E-cigarettes helped more smokers quit than nicotine replacement therapyBMJ 2019; 365 doi: https://doi.org/10.1136/bmj.l2036 (Published 10 May 2019) Cite this as: BMJ 2019;365:l2036
- Rob Cook, clinical director1,
- Peter Davidson, clinical adviser2,
- Rosie Martin, clinical specialist1
- on behalf of NIHR Dissemination Centre
- 1Bazian, Economist Intelligence Unit healthcare, London, UK
- 2Wessex Institute, University of Southampton, Southampton, UK
- Correspondence to R Cook
Hajek P, Phillips-Waller A, Przulj D, et al. A randomised trial of e-cigarettes versus nicotine-replacement therapy. N Engl J Med 2019;380:629-37.
This trial was funded by the NIHR Health Technology Assessment Programme (12/167/135) and by Cancer Research UK.
To read the full NIHR Signal, go to https://discover.dc.nihr.ac.uk/content/signal-000757/e-cigarettes-helped-more-smokers-quit-than-nicotine-replacement-therapy
Competing interestsThe BMJ has judged that there are no disqualifying financial ties to commercial companies. The authors declare the following other interests: none.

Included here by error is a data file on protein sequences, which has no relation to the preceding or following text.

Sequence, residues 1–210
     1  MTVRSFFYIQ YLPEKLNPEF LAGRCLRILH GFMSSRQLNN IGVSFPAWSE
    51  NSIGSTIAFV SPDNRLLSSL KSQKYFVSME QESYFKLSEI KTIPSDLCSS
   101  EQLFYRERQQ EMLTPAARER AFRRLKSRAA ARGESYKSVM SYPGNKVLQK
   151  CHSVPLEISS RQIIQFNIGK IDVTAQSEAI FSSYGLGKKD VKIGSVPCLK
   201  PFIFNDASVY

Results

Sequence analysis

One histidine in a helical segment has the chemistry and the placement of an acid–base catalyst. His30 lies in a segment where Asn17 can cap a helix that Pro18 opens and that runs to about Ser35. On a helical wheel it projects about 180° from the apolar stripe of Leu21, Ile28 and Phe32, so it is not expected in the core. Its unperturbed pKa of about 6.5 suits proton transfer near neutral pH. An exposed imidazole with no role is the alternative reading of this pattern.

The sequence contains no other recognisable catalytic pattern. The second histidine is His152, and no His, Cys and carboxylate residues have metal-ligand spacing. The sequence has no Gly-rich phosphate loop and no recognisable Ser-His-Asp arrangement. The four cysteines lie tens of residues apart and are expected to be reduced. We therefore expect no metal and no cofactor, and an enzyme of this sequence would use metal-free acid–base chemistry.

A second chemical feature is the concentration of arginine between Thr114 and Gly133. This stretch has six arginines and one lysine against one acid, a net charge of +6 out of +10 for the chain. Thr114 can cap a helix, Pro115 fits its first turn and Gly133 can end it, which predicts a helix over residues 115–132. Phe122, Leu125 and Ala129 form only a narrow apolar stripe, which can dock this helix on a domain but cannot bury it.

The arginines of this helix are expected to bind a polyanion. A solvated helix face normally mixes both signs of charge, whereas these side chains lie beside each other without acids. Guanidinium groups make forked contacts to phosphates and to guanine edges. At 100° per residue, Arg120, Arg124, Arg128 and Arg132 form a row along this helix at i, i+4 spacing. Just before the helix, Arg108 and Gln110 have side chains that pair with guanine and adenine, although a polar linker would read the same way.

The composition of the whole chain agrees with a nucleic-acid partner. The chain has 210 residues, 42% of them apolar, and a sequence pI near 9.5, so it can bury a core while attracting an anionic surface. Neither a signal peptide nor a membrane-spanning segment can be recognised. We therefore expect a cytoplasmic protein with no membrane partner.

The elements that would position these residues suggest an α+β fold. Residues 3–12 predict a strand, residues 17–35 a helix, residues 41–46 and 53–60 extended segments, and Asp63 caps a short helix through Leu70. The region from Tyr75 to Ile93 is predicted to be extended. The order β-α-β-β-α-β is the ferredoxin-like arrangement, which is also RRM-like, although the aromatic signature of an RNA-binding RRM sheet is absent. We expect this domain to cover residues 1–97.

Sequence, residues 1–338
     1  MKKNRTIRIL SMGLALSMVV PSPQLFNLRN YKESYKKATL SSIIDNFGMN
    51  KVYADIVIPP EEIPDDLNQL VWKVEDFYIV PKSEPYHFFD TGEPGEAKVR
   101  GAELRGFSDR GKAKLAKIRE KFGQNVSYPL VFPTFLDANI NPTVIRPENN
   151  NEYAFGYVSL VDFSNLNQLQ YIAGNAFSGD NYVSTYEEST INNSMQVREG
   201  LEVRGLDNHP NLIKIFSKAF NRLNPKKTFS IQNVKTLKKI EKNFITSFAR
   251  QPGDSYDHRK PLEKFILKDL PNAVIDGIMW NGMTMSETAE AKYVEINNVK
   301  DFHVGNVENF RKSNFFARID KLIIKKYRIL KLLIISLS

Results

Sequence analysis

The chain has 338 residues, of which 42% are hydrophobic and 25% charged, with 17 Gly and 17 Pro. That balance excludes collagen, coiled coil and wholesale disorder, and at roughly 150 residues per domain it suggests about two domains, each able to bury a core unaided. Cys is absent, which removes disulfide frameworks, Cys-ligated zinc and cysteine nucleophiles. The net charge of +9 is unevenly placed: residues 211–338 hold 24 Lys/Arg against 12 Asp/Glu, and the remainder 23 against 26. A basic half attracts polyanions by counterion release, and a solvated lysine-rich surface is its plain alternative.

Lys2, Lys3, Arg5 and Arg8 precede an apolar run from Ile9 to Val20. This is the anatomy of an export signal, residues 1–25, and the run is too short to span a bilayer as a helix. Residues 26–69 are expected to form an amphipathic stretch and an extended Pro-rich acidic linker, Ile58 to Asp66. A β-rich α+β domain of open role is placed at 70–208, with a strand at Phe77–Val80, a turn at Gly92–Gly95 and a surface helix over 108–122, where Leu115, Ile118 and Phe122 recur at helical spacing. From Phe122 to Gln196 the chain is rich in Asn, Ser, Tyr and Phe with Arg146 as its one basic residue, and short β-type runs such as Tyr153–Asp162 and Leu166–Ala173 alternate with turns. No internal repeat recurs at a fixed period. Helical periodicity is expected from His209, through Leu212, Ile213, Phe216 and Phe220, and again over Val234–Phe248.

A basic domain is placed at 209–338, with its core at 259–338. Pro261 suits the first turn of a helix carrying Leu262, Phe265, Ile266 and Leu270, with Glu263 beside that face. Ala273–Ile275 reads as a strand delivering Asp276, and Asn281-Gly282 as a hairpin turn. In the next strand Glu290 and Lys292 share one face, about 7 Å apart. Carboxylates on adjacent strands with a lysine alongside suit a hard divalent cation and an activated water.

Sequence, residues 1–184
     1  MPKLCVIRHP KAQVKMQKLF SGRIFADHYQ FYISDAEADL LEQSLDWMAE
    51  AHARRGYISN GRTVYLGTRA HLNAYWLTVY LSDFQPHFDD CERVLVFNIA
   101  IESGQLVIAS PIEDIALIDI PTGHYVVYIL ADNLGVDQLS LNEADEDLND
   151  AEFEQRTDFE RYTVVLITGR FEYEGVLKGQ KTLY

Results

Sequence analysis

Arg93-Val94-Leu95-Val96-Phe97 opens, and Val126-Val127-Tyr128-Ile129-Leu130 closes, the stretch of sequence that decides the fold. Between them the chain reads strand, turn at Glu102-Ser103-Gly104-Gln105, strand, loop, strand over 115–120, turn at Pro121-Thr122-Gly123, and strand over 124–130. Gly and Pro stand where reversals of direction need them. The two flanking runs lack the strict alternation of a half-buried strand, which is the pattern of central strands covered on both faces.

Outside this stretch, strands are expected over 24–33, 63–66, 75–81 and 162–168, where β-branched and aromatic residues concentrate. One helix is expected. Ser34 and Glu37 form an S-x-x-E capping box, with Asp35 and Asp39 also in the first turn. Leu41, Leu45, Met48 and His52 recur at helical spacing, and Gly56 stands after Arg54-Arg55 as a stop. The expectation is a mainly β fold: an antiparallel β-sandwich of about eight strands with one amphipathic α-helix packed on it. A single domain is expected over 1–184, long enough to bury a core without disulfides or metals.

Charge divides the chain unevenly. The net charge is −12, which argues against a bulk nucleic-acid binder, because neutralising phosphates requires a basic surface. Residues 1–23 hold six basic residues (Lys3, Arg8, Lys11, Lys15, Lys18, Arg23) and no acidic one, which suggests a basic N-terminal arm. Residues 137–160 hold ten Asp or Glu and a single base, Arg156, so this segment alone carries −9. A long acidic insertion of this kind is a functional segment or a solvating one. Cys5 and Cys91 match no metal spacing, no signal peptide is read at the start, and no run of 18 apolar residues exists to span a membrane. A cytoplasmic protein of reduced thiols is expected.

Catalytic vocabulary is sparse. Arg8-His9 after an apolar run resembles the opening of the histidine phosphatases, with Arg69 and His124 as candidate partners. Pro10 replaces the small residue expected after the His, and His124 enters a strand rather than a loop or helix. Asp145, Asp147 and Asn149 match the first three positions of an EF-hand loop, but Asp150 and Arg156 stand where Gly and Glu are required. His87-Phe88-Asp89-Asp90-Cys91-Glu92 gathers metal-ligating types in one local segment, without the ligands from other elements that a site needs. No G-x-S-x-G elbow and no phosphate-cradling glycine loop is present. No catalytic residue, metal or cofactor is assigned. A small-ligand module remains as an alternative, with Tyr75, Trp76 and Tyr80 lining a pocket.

Further details of the BMJ policy on financial interests is here: https://www.bmj.com/about-bmj/resources-authors/forms-policies-and-checklists/declaration-competing-interests
Contributors Anna Sayburn
All authors contributed to the development and review of this summary, as part of the wider NIHR Signals editorial team (https://www.bmj.com/NIHR-signals). RC is guarantor.
Disclaimer NIHR Signals are owned by the Department of Health and Social Care and are made available to the BMJ under licence. NIHR Signals report and comment on health and social care research but do not offer any endorsement of the research. The NIHR assumes no responsibility or liability arising from any error or omission or from the use of any information contained in NIHR Signals.
Permission to reuse these articles should be directed to email@example.com.